As referenced in our previous post, St. George was a very popular saint in medieval Norwich (the county seat of Norfolk, England). The city boasts two medieval churches dedicated to him (St. George’s Tombland and St. George’s Colegate), and the Norwich Guild of St. George, to which many prominent citizens belonged, sponsored an elaborate “riding” of St. George every year on the saint’s feast day, which culminated in a staged battle between actors playing St. George and the dragon. This dragon was named “Snap,” and at least once he was equipped with gunpowder in order to produce the effect of fire breathing. A dragon costume for Snap is on display in the Norwich Castle Museum and Art Gallery, which I saw some years ago but didn’t take a photo of. Thus, I was pleased to receive just now, from Dr. Roger Simpson of Norwich, some photos of a modern Snap:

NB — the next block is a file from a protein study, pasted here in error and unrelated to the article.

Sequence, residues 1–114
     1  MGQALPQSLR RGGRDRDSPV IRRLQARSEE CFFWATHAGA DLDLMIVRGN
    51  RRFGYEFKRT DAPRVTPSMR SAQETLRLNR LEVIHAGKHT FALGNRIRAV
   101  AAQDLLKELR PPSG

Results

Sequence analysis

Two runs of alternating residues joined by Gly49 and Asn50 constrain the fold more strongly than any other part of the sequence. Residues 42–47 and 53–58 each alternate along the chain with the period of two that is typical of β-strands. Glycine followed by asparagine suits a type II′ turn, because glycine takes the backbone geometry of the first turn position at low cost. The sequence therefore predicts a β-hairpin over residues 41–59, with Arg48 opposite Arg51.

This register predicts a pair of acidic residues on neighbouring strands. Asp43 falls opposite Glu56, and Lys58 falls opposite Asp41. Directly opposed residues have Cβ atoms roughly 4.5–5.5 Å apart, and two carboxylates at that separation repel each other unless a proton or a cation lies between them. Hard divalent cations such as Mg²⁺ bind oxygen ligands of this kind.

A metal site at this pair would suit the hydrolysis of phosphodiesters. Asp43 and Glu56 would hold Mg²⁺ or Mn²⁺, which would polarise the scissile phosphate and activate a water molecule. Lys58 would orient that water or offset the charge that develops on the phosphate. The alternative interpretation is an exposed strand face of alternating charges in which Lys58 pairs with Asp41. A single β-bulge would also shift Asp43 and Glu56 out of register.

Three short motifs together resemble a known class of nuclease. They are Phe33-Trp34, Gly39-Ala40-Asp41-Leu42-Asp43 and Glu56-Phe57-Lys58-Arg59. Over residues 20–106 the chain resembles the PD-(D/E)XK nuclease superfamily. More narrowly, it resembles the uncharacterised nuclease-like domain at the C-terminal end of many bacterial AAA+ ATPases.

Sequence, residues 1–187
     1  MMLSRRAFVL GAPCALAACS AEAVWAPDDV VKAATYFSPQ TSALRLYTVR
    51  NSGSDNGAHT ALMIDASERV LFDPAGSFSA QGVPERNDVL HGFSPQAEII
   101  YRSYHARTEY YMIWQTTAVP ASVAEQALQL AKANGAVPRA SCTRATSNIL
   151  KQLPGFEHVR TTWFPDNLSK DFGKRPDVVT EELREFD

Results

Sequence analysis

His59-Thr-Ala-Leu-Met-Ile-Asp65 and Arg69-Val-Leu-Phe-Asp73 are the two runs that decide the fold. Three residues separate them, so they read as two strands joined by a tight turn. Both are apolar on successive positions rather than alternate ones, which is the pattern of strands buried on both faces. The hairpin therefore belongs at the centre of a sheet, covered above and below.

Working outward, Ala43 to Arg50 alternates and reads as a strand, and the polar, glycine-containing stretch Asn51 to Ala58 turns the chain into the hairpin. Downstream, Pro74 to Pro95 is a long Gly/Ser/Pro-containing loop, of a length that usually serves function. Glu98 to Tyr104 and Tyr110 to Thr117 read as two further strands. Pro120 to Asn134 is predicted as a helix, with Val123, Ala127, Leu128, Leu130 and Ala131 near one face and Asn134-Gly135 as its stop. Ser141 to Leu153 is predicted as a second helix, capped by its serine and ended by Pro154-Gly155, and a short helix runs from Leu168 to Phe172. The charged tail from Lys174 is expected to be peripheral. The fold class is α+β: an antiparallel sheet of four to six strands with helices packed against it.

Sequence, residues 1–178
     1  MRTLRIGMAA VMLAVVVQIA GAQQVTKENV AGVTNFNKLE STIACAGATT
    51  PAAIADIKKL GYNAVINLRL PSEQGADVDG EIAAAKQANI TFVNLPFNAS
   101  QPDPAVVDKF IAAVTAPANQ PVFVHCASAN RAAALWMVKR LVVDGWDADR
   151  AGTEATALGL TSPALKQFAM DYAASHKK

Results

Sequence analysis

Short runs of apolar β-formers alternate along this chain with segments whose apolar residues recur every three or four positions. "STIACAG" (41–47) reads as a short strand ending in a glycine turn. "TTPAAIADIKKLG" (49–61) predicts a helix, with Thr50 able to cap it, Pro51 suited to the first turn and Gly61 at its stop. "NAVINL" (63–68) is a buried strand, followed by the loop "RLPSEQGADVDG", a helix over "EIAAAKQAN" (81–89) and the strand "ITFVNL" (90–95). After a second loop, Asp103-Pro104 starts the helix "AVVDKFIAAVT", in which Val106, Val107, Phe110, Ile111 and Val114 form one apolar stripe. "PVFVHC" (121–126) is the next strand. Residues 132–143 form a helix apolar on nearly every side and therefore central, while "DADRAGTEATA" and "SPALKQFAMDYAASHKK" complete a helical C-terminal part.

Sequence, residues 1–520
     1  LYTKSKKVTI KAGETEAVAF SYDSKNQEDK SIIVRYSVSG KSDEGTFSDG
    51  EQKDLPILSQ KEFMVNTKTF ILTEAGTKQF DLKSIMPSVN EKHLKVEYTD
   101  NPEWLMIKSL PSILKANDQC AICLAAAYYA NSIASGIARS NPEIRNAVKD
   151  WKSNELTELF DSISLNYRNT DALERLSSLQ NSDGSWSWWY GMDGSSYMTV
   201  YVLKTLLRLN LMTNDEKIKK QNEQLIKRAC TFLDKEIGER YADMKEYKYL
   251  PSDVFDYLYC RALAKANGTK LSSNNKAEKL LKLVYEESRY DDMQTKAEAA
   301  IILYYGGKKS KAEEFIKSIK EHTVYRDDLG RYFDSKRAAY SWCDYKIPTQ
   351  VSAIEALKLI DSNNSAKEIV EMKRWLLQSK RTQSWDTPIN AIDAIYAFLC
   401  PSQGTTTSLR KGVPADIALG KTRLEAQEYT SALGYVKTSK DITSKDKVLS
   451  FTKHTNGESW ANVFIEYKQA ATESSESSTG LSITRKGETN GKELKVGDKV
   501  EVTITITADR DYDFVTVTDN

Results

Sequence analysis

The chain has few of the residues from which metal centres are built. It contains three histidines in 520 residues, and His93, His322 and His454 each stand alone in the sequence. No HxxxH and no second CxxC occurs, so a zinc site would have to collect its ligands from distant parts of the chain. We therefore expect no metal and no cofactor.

Dr. Simpson writes that this model, used in parades in Norwich, used to be stored in the redundant church of St. Gregory. A year ago St. Gregory’s was converted into an antique market, and the regular removal and return of Snap was proving cumbersome. Thus was he rehoused in St. George’s Tombland – a most appropriate new venue! He “sits above the kitchen in the north aisle and stares at the pulpit.”
UPDATE: Dr. Simpson sends three more photos, of the occasion when Snap arrived at St George Tombland.
The first photo shows Canon Minns and Peter the Verger installing Snap on top of the kitchen. This also illustrates the size of the dragon.
Canon Minns (Father John) poses with Snap.
A detailed look at the dragon’s head and body.